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Stemming from a comment I left on an answer to this question:

You say the hint was a red herring. So are hints that aren't hints allowed? I guess they would be, just curious if it was ever brought up on meta.

I didn't see any meta posts about this already, so I thought I would bring it up myself.

Are hints that are actually not hints allowed?


Note: Whether or not the question I linked has a misleading hint isn't the purpose of this post. As pointed out in the comment below mine, it very well actually be a hint that the answerer didn't understand.

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    $\begingroup$ (For the record, the hint was a misleading one) $\endgroup$ – Fabich May 26 '16 at 8:52
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I cannot address this question without lifting a quote from The Joys Of Yiddish

The first riddle I ever heard, one familiar to almost every Jewish child, was propounded to me by my father:
"What is it that hangs on the wall, is green, wet -- and whistles?"
I knit my brow and thought and thought, and in final perplexity gave up.
"A herring," said my father.
"A herring," I echoed. "A herring doesn't hang on the wall!"
"So hang it there."
"But a herring isn't green!" I protested.
"Paint it."
"But a herring isn't wet."
"If it's just painted it's still wet."
"But -- " I sputtered, summoning all my outrage, "-- a herring doesn't whistle!!"
"Right, " smiled my father. "I just put that in to make it hard."

By which I mean to say: "no".

I think there are allowable ways to mislead the reader. Taking the puzzle you link to merely as an example, I would say that putting the markings on a ring belonging to Gollum, and having them glow like the script on the One Ring in LOTR are absolutely fair play. The markings look to me more like Dwarven runes so I would also call it fair to say he pulled it from the finger of a dead Dwarf lord. I would even call it fair (but beyond what I personally would do) to add a sentence saying: "For those interested in the various scripts of Middle Earth see..." and provide links. Better would be to modify the last line of the problem statement to be:

he can't wait to go back home to use an elvish dictionary.

I would call that fair but inartistic. Ideally, you want to lead the reader gently astray and this feels more like pushing him off the path.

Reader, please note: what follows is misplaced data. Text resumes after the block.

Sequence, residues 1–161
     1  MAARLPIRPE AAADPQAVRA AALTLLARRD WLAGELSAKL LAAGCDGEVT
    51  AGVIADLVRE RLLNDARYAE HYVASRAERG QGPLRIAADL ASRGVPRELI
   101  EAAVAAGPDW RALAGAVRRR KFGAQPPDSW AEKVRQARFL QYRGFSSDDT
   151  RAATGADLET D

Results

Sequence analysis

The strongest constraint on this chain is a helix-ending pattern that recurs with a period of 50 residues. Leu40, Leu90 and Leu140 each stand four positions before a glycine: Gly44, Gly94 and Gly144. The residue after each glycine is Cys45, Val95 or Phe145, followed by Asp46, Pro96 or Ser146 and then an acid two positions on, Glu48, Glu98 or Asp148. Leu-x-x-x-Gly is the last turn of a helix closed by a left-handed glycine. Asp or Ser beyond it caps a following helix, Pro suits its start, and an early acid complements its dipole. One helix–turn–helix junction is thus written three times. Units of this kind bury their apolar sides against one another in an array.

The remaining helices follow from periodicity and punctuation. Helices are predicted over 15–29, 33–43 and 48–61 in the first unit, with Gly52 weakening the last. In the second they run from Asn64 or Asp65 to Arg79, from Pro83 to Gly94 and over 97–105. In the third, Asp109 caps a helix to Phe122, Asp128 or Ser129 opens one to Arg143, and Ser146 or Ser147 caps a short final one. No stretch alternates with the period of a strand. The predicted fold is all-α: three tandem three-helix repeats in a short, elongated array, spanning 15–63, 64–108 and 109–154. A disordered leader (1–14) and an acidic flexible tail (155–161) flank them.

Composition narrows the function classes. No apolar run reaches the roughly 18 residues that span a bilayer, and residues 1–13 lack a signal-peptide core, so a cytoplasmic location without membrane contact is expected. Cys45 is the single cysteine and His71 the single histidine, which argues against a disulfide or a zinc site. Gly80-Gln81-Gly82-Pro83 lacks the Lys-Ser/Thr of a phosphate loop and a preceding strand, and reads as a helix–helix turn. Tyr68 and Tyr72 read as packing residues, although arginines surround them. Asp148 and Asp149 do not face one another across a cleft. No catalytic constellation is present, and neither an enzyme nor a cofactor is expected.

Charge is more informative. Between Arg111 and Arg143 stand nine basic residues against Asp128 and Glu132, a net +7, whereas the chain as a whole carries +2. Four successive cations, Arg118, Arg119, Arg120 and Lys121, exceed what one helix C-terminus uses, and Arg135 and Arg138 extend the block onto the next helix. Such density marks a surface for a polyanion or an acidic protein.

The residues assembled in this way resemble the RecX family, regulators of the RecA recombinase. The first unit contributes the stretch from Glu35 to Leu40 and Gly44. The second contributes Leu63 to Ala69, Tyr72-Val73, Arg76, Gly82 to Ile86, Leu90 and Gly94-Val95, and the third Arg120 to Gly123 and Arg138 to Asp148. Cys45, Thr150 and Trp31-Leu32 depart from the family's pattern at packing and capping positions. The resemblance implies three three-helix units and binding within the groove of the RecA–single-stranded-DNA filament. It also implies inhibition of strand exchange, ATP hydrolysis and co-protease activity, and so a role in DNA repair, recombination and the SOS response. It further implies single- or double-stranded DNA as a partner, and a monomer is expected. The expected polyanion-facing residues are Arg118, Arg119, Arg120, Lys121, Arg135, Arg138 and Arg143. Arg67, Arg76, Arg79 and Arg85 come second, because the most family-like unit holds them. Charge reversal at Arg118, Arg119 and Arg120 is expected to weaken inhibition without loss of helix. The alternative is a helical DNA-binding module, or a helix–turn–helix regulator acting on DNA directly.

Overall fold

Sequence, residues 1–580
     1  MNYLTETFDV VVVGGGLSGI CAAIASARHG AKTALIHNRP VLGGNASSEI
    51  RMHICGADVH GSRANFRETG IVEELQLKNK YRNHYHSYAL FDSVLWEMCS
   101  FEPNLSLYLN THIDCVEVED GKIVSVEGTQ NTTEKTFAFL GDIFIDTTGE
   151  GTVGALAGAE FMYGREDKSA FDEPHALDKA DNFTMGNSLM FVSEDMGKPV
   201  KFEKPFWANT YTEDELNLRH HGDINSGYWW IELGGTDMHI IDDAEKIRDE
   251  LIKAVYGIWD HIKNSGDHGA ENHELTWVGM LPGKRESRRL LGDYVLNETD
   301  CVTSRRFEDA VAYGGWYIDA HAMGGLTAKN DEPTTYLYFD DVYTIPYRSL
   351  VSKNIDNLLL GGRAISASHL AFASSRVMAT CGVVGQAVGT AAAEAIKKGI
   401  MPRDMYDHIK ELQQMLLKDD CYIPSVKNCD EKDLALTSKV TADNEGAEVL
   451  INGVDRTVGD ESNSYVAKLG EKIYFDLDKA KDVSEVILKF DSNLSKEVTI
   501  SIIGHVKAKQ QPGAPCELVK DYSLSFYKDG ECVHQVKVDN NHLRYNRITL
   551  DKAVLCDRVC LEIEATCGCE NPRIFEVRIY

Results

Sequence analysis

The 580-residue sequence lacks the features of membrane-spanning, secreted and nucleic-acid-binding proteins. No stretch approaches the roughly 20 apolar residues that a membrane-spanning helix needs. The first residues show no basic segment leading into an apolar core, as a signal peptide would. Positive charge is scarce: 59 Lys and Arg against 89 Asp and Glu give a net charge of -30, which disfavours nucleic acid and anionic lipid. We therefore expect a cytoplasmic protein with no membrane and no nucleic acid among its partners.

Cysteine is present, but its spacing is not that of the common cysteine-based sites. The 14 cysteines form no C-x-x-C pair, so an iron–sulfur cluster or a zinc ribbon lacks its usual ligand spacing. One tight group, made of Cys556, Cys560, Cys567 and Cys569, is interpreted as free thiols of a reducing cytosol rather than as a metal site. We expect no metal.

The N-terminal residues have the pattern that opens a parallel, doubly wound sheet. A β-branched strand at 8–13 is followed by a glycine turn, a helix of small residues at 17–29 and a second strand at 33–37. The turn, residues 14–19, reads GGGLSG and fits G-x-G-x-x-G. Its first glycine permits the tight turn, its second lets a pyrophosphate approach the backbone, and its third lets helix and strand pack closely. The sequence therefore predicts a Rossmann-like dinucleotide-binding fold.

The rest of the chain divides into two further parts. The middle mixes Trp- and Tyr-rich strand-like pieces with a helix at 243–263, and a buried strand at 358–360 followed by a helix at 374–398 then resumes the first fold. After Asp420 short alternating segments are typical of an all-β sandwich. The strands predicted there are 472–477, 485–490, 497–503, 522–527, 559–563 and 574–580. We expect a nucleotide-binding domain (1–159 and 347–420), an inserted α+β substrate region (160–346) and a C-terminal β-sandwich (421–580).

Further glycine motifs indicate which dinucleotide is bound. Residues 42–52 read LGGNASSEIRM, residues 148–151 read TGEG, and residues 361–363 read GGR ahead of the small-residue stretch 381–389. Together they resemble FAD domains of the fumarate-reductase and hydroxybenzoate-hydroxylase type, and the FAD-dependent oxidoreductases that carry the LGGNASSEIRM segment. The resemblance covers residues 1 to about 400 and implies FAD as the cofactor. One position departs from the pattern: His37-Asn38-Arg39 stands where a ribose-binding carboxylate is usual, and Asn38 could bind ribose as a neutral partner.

A misleading hint comes in a different class. I believe that when you write "Hint:" and put in a spoiler tag you are giving meta information about the puzzle. It is part of the puzzle statement or the conditions for solving it. You can make your hints tricky, I myself have been accused of being "sly", or you can give hints that only make sense after the puzzle has been solved. It is not fair to directly say that something has bearing on the solution when it doesn't. I believe it is the same principle as adding misleading tags.

I think the appropriate response is a downvote and a comment explaining why. That's my take on it.

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  • $\begingroup$ Yes, I do agree. $\endgroup$ – Insane May 27 '16 at 10:42
  • $\begingroup$ +1. Great answer. $\endgroup$ – KeyboardWielder May 28 '16 at 7:54
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    $\begingroup$ Ok, sorry for this misleading hint. I won't do it again ;) $\endgroup$ – Fabich May 29 '16 at 15:29
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    $\begingroup$ @Lordofdark we're all trying to figure this out as we go. No worries. $\endgroup$ – Hugh Meyers May 29 '16 at 16:51
  • $\begingroup$ How is "and whistles" more like "leading the reader gently astray" than "pushing him off the path"? Feels a lot like pushing to me. $\endgroup$ – Ian MacDonald Jun 6 '16 at 19:19
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    $\begingroup$ @IanMacDonald The herring riddle was meant to be an example of an unfair riddle. $\endgroup$ – Hugh Meyers Jun 6 '16 at 19:37
  • $\begingroup$ What about the "Don't Worry Be Happy" fish? They whistle :P $\endgroup$ – dcfyj Jun 7 '16 at 13:57

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